Electoral officials have confirmed that they have been stockpiling hundreds of plastic buckets, first aid kits and bottles of hand sanitiser in preparation for next Saturday’s general election.
Officials are concerned about the threat to public health in the event of a mass outbreak of tactical voting, and have been drawing up contingency plans to ensure they are not overwhelmed with distressed and confused voters.
They are particularly concerned that a contagion of vote-splitting may occur in the affluent Epsom electorate. Army units have been put on standby in case a mass evacuation of the unwell is required on election day.
Symptoms of tactical voting can include nausea and panic attacks. Some National Party supporters in Epsom have spoken of the great fear they have that when they step into the voting booth and are confronted with a voting paper with John Banks’ name on it, they will involuntarily and explosively vomit.
Labour supporters in the same electorate have reported that the prospect of voting for the National candidate just to keep Mr Banks out makes their skin crawl.
Officials plan to have vomit buckets at every booth, and hand sanitiser will be available for those who feel unclean after they have cast their vote.
In high risk areas, such as Ohariu and Epsom, mobile decontamination units will be operated by emergency services, and wire brushes and scouring pads will be available to those who need more than sanitiser to clean their hands.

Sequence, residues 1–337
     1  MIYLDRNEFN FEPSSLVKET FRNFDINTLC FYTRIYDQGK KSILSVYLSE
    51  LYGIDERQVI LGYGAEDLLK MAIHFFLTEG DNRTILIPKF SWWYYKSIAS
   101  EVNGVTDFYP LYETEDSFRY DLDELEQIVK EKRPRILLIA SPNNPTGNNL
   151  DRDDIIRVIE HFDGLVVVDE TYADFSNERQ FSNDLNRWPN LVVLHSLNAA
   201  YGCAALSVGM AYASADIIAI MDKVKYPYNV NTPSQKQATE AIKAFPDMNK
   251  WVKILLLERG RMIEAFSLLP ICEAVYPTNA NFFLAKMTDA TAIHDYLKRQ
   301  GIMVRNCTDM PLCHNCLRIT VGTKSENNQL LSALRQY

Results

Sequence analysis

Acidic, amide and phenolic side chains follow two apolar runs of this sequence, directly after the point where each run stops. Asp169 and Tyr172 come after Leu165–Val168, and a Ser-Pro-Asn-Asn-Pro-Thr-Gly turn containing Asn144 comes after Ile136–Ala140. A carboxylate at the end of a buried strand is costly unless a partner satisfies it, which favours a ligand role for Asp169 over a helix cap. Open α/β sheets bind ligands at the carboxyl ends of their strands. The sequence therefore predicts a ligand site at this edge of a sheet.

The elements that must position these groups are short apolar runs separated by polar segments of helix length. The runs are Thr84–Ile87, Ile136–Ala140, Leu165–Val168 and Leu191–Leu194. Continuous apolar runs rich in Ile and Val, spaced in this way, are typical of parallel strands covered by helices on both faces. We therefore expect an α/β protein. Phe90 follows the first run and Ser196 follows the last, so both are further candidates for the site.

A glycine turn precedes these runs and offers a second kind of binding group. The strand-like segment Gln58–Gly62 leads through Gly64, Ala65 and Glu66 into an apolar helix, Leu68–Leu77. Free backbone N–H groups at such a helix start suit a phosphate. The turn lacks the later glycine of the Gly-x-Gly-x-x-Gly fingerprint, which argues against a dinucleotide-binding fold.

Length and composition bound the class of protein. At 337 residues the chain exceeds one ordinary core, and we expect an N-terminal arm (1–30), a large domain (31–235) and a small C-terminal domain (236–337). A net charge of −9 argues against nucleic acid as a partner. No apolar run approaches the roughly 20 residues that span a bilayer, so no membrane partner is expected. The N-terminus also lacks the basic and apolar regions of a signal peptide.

Dr Sigfried Ludovich from the Electoral Commission said the risk to public health during the election was very real, and that no chances were being taken.
“In this election, more than any other, political parties are asking their supporters to do things no decent person should be asked to do,” said Dr Ludovich.
“We believe there is a high risk of hysteria and panic striking voters as they try to summon up the courage to vote for Peter Dunne.
“For some people the horror of voting for that tired old relic may induce seizures and even comas.”
However, Dr Ludovich has assured the public that the vote-splitting danger is not present in every electorate.
“In Te Atatu, for example, large numbers of National voters have for some years happily and eagerly voted against their own party’s candidate.”